Since that time, we’ve experienced a range of hammams and always emerge feeling renewed, in body and spirit. Once, while sipping tea in a bath’s relaxation room, I noticed a piece of artwork beautifully embodying the layers and surprise wrapped within the hammam experience. The photograph shows a man in a traditional djellabas. A pair of red high heels can be seen, just barely, peeking out underneath his robe.
What to know before you go
Hammams, particularly the more communal ones, can be confusing for the uninitiated. Don’t stress, simply follow the attendant’s lead and go with the flow. There may be a lower price for DIY scrubbing, but opt for a pro! And, be mindful of your water usage – it’s a scarce resource.
Be sure to ask what to bring. In traditional facilities, bathers bring towels, slippers, soap, toiletries and a loofah (items can be purchased on-site or in the souks). Most importantly, bring a sense of humor and curiosity. You may feel awkward – you may even get giggles – but participating in this revered tradition reveals aspects of the culture you didn’t know existed. Plus, your skin will glow in ways you never thought possible.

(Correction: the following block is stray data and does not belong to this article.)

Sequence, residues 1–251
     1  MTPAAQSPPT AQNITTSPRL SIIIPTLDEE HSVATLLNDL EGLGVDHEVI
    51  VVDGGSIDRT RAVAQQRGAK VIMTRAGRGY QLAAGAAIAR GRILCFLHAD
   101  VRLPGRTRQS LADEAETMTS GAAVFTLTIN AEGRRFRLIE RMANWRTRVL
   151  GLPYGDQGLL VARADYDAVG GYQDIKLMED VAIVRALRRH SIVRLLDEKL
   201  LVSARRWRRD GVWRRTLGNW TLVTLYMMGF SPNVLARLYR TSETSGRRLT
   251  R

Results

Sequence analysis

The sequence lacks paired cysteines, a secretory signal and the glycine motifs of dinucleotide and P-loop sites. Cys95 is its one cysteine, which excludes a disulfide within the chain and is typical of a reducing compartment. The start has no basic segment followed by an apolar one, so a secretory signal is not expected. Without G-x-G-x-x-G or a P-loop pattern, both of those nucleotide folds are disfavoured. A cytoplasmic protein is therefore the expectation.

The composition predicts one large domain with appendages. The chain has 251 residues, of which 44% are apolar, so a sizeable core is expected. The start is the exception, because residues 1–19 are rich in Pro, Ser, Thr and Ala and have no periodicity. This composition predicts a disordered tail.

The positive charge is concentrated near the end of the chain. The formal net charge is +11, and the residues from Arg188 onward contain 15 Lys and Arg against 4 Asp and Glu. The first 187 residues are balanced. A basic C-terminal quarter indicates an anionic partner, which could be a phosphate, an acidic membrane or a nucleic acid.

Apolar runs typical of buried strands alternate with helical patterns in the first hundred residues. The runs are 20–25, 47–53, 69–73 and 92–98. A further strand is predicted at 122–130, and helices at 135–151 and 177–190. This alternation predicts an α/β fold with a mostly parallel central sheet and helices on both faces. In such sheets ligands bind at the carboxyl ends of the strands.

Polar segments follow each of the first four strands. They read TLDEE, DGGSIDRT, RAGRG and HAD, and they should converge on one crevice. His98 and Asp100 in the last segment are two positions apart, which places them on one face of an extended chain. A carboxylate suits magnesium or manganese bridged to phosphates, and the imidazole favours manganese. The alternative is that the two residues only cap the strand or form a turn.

A hammam in every city, for every mood
Craving pampering for an individual or couple? Make a reservation at one of the following:
- Les Bains de Marrakech, where the pool and relaxation zones are a serene dream.
- In Fes, Spa Laaroussa offers a traditional hammam experience with a sweet mineral clay face mask. Meanwhile, Nausikaa Wellness Centre features seaweed treatments.
- Kasbah-esque Spa du Jardin des Douars, in the hills overlooking Essaouira, delivers luxury combined with stunning countryside.
Aiming for communal experience? Take cash and remember that most public baths have separate hours for men and women. There’s no reservation necessary for these:
- Marrakech’s Hammam Dar el Bacha offers immersion in Moorish architecture. You’ll feel aglow while bathing under the traditional dome and star cutouts.
- When in Chefchaouen, find the mosque Jama’a Kabir, and the popular public hammam (often referred to by the same name) is across the square.
Ready to experience everything Morocco has to offer? Check out Intrepid’s range of small group adventures there.
(Image credits from top to bottom: Intrepid Travel x2, iStock/hansslegers, Intrepid Travel x2, Jessica Simpson, Intrepid Travel.)